Nalbandian wins Legg Mason Tennis Classic

August 8, 2010 05:13 PM
David Nalbandian won his first title since January 2009.
WASHINGTON (AP) — Confident as David Nalbandian is, he harbored some doubts about how he would play at the Legg Mason Tennis Classic.
After all, he was ranked 117th after missing about 12 of the past 15 months because of injuries. He hadn’t played in a tournament since April. He needed a wild-card invitation merely to get into the field.
A week later, he leaves as the hard-court tournament’s champion—and someone to watch at the U.S. Open.
Argentina’s Nalbandian became the first player ranked outside the top 100 to win an ATP title in 2010, using his typically strong service returns and effective baseline game to beat No. 25 Marcos Baghdatis of Cyprus 6-2, 7-6 (4) on Sunday in a Legg Mason final between two past Grand Slam finalists.
"If he plays like that," Baghdatis said, "he can beat a lot of guys in the top 10."
It’s Nalbandian’s 11th career title, but his first on U.S. soil, and first anywhere in 1 1/2 years. He hadn’t entered a tournament since April, sidelined by a bad left hamstring. Before that, Nalbandian missed nearly 10 months starting in May 2009 because of hip surgery.
"I didn’t expect to win my first tournament," Nalbandian said. "In the beginning, if I had to bet, I (wouldn’t have) bet on myself, of course."
Perhaps. But the 2002 Wimbledon runner-up is back on tour and back to giving opponents fits, particularly with his returning. He broke four of the first seven times Baghdatis served.
"He’s putting a lot of pressure on the return," said Baghdatis, who twisted his left ankle in the semifinals Saturday and said he felt pain early in the final.
Baghdatis had a chance to extend the match while leading 6-5 in the second set. He held a set point at 30-40 on Nalbandian’s serve, but put a forehand into the net on a 10-stroke exchange. Nalbandian eventually held serve there, then surged to a 5-0 lead in the tiebreaker.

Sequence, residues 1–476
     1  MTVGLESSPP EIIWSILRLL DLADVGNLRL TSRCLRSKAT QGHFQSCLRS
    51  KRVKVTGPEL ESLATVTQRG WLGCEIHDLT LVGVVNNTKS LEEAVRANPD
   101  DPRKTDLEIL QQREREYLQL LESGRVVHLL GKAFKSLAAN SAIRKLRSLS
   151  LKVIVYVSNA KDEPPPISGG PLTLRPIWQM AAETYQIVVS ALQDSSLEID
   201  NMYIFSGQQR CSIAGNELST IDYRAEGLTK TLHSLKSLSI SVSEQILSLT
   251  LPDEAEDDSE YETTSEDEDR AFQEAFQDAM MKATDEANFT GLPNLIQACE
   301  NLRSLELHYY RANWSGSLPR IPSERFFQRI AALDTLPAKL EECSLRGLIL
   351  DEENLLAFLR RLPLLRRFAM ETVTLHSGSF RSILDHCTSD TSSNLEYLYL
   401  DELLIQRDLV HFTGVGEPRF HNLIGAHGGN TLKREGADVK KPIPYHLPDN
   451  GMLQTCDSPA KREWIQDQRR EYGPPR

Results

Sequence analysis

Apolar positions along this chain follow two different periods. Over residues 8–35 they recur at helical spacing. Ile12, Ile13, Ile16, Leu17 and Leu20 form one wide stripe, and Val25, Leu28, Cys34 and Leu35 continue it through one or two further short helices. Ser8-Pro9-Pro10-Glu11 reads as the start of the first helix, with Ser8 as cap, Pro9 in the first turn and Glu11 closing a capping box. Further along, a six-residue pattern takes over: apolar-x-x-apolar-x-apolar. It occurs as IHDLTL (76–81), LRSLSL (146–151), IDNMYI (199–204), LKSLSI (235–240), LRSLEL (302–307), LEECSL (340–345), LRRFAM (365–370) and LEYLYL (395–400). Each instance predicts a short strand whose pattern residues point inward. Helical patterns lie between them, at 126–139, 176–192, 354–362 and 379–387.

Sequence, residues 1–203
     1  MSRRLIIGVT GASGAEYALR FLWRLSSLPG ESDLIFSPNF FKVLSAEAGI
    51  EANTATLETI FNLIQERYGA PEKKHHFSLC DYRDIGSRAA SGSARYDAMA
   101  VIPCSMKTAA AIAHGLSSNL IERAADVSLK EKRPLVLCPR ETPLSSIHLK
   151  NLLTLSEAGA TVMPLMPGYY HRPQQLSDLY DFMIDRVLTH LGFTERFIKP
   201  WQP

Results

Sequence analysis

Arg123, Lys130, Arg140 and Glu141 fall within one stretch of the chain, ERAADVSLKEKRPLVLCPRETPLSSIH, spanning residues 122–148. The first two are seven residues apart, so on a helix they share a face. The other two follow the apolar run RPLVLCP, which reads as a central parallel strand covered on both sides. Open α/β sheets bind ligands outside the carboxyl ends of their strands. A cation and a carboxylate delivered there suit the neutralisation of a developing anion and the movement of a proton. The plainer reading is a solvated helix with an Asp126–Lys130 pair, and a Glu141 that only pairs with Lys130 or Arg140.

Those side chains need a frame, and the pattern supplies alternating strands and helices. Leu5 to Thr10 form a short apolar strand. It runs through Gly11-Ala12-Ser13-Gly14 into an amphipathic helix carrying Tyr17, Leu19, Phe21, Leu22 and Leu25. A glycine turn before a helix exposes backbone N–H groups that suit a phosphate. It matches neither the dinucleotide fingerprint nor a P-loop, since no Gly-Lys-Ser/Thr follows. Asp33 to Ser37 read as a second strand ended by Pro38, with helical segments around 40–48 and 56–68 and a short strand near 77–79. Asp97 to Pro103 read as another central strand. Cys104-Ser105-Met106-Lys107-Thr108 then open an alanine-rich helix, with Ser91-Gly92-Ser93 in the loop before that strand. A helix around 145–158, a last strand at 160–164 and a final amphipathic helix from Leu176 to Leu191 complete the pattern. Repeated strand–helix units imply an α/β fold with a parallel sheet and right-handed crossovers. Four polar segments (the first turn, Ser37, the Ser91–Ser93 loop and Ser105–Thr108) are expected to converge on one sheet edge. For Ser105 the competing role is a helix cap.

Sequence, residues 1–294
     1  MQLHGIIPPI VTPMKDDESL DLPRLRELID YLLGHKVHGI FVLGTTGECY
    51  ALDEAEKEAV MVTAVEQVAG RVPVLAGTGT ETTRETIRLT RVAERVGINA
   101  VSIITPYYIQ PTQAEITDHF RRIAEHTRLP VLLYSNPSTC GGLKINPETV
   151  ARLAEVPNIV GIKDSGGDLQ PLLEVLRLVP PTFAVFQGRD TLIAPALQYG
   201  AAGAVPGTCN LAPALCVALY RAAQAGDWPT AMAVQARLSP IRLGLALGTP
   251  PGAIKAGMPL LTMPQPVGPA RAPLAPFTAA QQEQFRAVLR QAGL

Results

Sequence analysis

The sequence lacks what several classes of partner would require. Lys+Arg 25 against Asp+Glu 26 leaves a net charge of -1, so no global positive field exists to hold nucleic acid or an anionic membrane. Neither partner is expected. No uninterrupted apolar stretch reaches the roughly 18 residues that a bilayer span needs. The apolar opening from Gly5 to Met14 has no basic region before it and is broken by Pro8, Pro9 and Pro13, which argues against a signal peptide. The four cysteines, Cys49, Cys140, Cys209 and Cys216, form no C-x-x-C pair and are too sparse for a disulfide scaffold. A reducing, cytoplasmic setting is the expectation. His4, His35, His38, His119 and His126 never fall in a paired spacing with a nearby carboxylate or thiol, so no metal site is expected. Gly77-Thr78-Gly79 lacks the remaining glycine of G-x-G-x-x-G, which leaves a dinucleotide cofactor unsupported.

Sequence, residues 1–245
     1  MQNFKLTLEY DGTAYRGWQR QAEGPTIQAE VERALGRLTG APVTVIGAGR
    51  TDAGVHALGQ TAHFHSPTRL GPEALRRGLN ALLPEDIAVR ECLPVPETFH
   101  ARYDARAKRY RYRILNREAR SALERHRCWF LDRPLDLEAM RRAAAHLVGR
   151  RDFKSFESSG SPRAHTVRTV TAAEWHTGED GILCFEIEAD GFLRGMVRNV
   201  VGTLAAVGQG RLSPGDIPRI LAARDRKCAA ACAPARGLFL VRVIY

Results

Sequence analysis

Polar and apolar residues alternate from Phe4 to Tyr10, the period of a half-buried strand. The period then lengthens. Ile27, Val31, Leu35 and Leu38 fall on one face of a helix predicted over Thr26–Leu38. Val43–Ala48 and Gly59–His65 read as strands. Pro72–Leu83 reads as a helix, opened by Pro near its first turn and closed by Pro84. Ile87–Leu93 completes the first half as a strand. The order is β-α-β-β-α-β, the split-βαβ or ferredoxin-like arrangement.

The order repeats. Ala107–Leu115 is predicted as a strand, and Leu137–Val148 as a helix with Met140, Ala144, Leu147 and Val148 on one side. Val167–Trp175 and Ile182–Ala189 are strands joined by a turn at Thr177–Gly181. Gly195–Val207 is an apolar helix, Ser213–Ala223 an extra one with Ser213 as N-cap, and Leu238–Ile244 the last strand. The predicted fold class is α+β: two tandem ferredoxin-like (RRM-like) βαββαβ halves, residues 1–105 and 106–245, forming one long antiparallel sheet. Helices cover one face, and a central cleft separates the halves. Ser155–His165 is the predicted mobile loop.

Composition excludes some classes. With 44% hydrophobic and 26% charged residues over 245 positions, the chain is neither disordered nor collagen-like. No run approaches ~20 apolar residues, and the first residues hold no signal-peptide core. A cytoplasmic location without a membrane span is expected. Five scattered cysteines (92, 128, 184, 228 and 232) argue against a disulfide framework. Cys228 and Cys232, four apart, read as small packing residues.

"Basically," Baghdatis would say later, "that’s it."
Well, not quite: Baghdatis won the next three points. Plus, Nalbandian had problems with his serve throughout the second set—he faced 11 break points, although he saved all but two—and he hit his seventh double-fault of the day on his first match point. But Baghdatis then missed a forehand to end the match after 1 hour, 59 minutes.
Nalbandian has reached at least the semifinals five times at major championships, and was ranked as high as No. 3. But all of the recent time off, including skipping the past six Grand Slam tournaments, contributed to a slide down the rankings that dropped him to 161st.
He’s climbing his way up, expected to return to the top 50 on Monday. The unseeded Nalbandian was impressive all week, winning 12 of 13 sets while upsetting four seeded players: No. 4 Marin Cilic, No. 7 Stanislas Wawrinka, No. 13 Gilles Simon, and No. 8 Baghdatis, who lost to Roger Federer in the 2006 Australian Open final.
Asked if he feels as though he’s playing like someone who’s in the top 10, Nalbandian said: "So far, the ranking doesn’t say so, but I think I won some great matches and that’s what counts."
Nalbandian won Sunday’s prematch coin toss and chose to receive, a relatively rare strategy at this level, but one that makes sense. He long has been considered one of the game’s top returners and entered Sunday having broken opponents in a tournament-best 59 percent of their service games during the week.
And Nalbandian went right to work on Baghdatis, breaking at love in the opening game with the help of a forehand return winner. The match was a minute old, but the tone was set.
Cheered by dozens of fans waving Argentina’s blue-and-white flag, Nalbandian gave his country a third consecutive title in Washington. Juan Martin del Potro won the tournament in 2008 and 2009—following up the latter with a U.S. Open championship—but he has been out since January because of right wrist surgery and didn’t enter.
Based on Nalbandian’s performances this week, it seems likely that players will hope to avoid facing him on the U.S. Open’s hard courts, where action begins Aug. 30.
"If I continue playing this good," Nalbandian said Sunday, looking ahead to Flushing Meadows, "I have chances to go very far."
NOTES: Mardy Fish of the United States and Mark Knowles of the Bahamas won the doubles title, beating Tomas Berdych and Radek Stepanek of the Czech Republic 4-6, 7-6 (7), 10-7 tiebreak.